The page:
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A Whale of a Tail

A Whale of a Tail 

Every spring, gray whales undertake a monumental migration from the warm lagoons of the Sea of Cortez, where they mate and give birth, to their Arctic feeding grounds where they spend the summer. That northbound journey brings them close to the shore and offers whale watchers an opportunity to catch a glimpse at these benign giants. All of the photos in this feature were taken from shore using a telephoto lens. All of the photos in this feature were taken from shore using a telephoto lens. All photos by Suzanne Guldimann

Every spring, California gray whales make a monumental pilgrimage from their winter breeding grounds in the warm lagoons of the Sea of Cortez to their summer feeding grounds in the Arctic. It’s a 12,000-mile round trip, one of the longest migrations of any mammal, and it is getting longer, because melting arctic ice is adding miles to this annual journey.

The southward journey is driven by the urgency of the pregnant females who need to reach the lagoons to safely give birth, but the lagoons are also a gathering place for all Eastern North Pacific gray whales. This is where they mate and rest before heading north once more. On the return journey, mothers with calves stay close to the coast for safety and their progress is slower.

It’s a perilous trip. Gray whales are at risk from ship strikes and can become entangled in nets and other fishing gear. Their ability to communicate with each other is impacted by industrial sound pollution from engines, oil exploration, and underwater explosions. Whale watchers are also a hazard, crowding whales and forcing mothers with calves into deeper water to avoid conflict.

Beginning in 2018, whales faced another major threat: starvation. NOAA Fisheries announced that the species was experiencing a UME—unusual mortality event—that year, a rapid population decline. Sightings of emaciated whales and an unusually high number of fatal strandings continued for several years. Localized ecosystem changes in the arctic and subarctic are thought to have had the major role in the decline that is estimated to have reduced the population by as much as forty percent. 

Gray whales build up fat reserves during the summer feeding on bottom-dwelling invertebrates that they dredge up from the mud in their mouths and strain out through two rows of  strainer-like baleen. Their preferred food is a shrimp-like amphipod, but this species is adaptable and can eat a wide range of seafloor, or benthic, organisms. This abundant summertime diet enables them to survive without feeding during the entire migration period, although they are sometimes observed foraging for a snack. If something goes wrong with that food chain, the whales face starvation, which is what occurred beginning in 2018. 

NOAA Fisheries has just announced that the Unusual Mortality Event involving Eastern North Pacific gray whales is over. 

“The increased stranding rate that triggered the Unusual Mortality Event UME declaration is no longer occurring,” a March 14 press release from NOAA states. “While the number of strandings spiked at the start of the UME, they have since declined to annual numbers similar to those recorded before the UME began. The number of calves born to the population also appears to be improving, with other signs that the population may have begun to recover.”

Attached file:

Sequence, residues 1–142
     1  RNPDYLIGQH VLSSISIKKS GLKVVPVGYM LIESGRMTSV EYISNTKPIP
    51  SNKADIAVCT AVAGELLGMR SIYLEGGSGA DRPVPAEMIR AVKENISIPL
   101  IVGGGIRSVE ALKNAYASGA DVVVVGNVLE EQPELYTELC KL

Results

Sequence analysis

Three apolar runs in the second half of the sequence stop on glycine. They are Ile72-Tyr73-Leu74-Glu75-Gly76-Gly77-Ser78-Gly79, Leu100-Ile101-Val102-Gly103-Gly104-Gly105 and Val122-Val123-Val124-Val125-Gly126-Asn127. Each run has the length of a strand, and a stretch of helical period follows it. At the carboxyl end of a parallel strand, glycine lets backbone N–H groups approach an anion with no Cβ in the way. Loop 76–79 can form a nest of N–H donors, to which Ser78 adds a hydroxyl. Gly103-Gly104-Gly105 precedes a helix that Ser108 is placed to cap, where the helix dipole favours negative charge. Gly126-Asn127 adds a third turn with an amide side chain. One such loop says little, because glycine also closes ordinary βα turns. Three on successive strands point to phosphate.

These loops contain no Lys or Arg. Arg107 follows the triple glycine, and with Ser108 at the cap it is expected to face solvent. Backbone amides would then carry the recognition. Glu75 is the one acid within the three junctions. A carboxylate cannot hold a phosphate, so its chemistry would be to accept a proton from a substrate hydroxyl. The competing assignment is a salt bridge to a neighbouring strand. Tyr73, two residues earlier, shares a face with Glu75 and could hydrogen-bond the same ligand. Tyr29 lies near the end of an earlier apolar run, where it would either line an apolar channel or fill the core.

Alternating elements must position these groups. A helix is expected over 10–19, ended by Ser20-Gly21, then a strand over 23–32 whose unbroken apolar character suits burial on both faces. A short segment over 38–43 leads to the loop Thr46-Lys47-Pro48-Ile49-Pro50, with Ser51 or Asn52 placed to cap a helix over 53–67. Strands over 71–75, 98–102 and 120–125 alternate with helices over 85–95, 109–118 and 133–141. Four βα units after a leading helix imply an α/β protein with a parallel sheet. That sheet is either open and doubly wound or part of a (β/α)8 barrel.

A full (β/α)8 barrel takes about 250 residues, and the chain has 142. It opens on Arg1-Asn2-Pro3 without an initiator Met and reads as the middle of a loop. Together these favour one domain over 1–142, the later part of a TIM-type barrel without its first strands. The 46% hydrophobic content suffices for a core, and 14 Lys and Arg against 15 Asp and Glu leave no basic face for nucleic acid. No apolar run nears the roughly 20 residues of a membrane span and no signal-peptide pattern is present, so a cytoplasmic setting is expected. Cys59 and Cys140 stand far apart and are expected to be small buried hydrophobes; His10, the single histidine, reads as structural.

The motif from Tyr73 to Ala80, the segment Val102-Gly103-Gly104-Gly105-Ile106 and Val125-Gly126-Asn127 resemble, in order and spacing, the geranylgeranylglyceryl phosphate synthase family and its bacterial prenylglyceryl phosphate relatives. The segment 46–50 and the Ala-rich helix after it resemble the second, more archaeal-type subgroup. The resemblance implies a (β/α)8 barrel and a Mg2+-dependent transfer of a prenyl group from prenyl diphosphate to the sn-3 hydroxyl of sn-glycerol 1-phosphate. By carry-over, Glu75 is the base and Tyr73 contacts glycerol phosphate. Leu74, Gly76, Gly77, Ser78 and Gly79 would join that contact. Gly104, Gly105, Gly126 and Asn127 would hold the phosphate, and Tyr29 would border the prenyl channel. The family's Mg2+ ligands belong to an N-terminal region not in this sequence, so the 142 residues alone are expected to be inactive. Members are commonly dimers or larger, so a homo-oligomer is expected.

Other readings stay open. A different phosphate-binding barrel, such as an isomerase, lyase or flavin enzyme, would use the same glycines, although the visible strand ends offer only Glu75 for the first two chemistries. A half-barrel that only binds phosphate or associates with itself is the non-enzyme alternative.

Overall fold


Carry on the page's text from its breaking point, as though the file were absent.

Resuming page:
Gray whales are adaptable. A solitary gray whale sighted off Nantucket earlier this month is proof of that. Researchers at the Anderson Cabot Research Center at the New England Aquarium theorize that the whale came through the Northwest Passage through the Arctic that connects the Atlantic and Pacific which has been ice free for several summers.

Research Technician Kate Laemmle, who was part of the team that observed the whale during an aerial survey, wrote: “My brain was trying to process what I was seeing, because this animal was something that should not really exist in these waters. We were laughing because of how wild and exciting this was—to see an animal that disappeared from the Atlantic hundreds of years ago!”

This whale, one of just five sightings of the species outside the Pacific in decades, could be a sign of things to come, a return to the Atlantic, and if nothing else, it has demonstrated the resilience of this species and its ability to find food and survive away from its traditional range. 

Climate change and melting ice in the Arctic also mean some gray whales are now being born on the journey south, coming into the world in the open ocean instead of in a protected lagoon.

Volunteers from the California Cetacean Society conduct an annual whale census at Point Fermin, at the tip of the Palos Verdes Peninsula. As of March 11, the census takers have spotted 22 southbound calves—whales that were born on the southbound migration. 

This whale had a distinctive white patch—possibly a scar—on its dorsal hump, which made it easy to distinguish from its two traveling companions.

Gray whales have few predators, but calves are preyed on by orca and possibly also by white sharks. Calves are an impressive 14 to 16 feet long at birth and can weigh as much as 2,000 pounds. They quickly grow even larger on a diet of fat-rich milk, but they are still at risk from predators.